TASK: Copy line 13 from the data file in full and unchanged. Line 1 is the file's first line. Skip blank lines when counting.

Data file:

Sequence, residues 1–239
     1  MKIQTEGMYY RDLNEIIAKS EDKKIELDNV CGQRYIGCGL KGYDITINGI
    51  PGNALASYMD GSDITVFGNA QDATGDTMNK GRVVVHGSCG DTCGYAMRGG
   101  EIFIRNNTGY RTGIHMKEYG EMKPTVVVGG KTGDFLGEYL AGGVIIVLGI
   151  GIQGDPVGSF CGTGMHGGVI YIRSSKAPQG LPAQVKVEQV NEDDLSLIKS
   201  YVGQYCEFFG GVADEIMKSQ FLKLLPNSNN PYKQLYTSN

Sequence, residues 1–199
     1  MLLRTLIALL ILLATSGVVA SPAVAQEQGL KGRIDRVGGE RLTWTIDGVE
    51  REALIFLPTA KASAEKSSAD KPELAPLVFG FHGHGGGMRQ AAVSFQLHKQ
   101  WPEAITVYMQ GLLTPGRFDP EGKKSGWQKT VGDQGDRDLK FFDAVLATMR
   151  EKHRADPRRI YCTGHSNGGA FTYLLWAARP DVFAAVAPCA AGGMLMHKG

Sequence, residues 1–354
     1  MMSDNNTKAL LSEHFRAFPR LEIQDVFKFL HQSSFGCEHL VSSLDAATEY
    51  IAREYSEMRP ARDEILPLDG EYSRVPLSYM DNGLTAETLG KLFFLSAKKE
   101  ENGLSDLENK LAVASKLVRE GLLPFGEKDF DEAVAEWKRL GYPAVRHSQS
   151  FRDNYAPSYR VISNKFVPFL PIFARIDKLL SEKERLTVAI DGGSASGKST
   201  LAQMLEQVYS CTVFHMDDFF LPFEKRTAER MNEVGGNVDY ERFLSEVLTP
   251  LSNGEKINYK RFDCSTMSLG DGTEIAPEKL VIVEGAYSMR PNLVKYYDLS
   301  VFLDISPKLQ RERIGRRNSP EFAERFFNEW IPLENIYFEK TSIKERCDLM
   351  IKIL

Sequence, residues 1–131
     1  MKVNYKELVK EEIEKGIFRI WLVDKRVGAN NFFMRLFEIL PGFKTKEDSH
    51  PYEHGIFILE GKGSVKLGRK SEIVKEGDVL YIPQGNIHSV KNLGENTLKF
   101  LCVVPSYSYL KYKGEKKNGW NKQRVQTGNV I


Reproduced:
     1  MMSDNNTKAL LSEHFRAFPR LEIQDVFKFL HQSSFGCEHL VSSLDAATEY